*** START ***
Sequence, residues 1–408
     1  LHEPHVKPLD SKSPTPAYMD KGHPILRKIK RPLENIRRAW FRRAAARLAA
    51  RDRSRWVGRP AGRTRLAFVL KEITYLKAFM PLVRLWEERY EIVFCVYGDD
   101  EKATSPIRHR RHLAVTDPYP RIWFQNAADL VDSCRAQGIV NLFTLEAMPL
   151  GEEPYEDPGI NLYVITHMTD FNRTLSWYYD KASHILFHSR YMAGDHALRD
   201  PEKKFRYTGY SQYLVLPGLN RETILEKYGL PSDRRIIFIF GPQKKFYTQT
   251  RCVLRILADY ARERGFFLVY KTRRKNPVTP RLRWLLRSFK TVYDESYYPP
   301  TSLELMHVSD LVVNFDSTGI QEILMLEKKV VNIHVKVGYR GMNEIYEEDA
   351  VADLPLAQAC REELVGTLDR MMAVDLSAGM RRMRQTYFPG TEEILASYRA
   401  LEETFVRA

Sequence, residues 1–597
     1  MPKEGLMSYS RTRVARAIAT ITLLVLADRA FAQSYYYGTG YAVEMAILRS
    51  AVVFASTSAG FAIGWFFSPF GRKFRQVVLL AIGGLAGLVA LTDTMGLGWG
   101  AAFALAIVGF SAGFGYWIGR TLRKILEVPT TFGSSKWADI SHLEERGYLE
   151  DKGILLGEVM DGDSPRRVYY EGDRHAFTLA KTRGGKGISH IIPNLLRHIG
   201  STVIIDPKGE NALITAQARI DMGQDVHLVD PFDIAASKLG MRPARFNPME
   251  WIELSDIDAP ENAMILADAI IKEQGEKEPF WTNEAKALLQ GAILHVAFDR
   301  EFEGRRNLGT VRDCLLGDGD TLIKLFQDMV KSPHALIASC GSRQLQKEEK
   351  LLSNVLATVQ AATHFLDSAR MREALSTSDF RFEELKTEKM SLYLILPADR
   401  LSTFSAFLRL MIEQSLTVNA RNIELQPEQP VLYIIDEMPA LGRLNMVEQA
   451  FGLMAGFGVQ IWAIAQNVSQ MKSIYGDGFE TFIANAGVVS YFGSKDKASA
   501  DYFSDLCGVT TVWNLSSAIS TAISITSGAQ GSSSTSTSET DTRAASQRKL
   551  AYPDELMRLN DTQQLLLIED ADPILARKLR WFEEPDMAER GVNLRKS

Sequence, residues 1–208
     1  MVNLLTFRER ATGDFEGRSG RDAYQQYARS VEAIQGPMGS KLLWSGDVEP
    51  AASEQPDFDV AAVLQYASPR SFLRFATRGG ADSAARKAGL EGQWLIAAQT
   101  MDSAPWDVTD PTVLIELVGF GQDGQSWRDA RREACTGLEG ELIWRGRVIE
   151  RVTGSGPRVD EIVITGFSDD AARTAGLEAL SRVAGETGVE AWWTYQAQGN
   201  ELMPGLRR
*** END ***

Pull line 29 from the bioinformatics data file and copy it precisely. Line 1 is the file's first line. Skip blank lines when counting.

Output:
   201  ELMPGLRR